Weekly Photo Challenge: ROY.G.BIV

ROY.G.BIV stand for the colors of the rainbow that we learned in art class in grade school: 








That worked for me until I started studying photography and working in a photo lab. The colors of light are a different thing almost entirely. This photo illustrated the actual colors of the rainbow diffracted through a crystal in my window.   


At the bottom left, there’s your red, then yellow, green, cyan, and blue to the top right. The three primaries are red, green, blue. If you were to overlap the red and blue, you would get magenta. So, no matter how many colors you think you are seeing in the sky, this is what you are actually seeing. 

I have SAD

With the time change, it is getting darker earlier every day. We are heading to the long dark. The days are shortening noticeably and the sun is moving south. A month ago, if I sat in this chair a little while after the sun came up, it would be shining in my eyes, now it shines in the kitchen as it will until sometime in February. There’s lots of trees and a house between me and the actual sunrise so I don’t know where it actually crosses the horizon.
Seasonal affective disorder (SAD) is a type of depression that occurs at a certain time of the year, usually in the winter.
People who live in places with long winter nights are at greater risk of SAD. The farther north you live, the more pronounced the light change and the higher percentage of people who are affected. Although experts were initially skeptical, this condition is now recognized as a common disorder, with its prevalence in the U.S. ranging from 1.4% in Florida to 9.7% in New Hampshire.
Symptoms usually build up slowly in the late autumn and winter months. Symptoms are usually the same as with other forms of depression.
Although there is no specific diagnostic test for the illness, it is understood that symptoms of seasonal affective disorder include tiredness, fatigue, depression, crying spells, irritability, trouble concentrating, body aches, loss of sex drive, poor sleep, decreased activity level, and overeating, especially of carbohydrates, with associated weight gain.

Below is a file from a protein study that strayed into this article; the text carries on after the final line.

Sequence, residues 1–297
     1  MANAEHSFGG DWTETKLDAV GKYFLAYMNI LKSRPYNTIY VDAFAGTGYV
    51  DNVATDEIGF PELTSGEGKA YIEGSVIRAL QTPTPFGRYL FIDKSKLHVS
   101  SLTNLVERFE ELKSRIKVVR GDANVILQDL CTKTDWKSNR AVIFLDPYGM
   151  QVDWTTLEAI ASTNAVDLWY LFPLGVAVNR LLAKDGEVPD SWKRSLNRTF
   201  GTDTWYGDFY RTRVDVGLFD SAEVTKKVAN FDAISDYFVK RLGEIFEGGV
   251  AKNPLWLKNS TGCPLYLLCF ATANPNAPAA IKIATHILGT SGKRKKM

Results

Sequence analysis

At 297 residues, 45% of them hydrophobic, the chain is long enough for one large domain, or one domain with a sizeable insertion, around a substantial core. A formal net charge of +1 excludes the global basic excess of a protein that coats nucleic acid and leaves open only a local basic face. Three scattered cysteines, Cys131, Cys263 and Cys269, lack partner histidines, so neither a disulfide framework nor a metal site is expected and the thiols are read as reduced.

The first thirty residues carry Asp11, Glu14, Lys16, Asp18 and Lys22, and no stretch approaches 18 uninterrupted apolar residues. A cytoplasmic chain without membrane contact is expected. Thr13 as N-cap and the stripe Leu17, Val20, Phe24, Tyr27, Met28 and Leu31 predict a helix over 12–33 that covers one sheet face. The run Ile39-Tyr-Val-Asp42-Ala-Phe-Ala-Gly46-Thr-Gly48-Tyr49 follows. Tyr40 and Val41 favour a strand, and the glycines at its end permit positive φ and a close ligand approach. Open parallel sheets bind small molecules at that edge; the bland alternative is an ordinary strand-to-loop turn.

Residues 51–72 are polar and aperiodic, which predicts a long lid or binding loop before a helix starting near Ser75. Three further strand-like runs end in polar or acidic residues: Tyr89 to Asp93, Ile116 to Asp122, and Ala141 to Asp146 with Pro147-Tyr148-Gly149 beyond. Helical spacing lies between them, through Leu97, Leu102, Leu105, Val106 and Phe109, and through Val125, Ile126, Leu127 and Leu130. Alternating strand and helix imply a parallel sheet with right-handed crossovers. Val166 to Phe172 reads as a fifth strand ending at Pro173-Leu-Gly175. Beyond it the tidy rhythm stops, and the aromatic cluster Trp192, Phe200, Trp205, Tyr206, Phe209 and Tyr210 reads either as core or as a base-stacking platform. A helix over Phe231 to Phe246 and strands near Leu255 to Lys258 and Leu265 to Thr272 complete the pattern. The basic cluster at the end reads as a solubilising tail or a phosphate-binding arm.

In addition to being key in the prevention of seasonal affective disorder, regular exposure to light that is bright, particularly fluorescent lights, significantly improves depression in people with this disorder when it presents during the fall and winter. Temporarily changing locations to a climate that is characterized by bright light (such as the Caribbean) can achieve similar results. Light treatment has also been called phototherapy. Individuals who suffer from seasonal affective disorder will also likely benefit from increased social support during vulnerable times of the year.
Does anyone remember the tv series Northern Exposure? There was an episode dealing with SAD and there was that one guy who overdid the light exposure thing.

I will crave carbs until sometime in February, when I will crave green things. Until then, I will need your support, and a ticket to the Caribbean along about Mid-January would be greatly appreciated.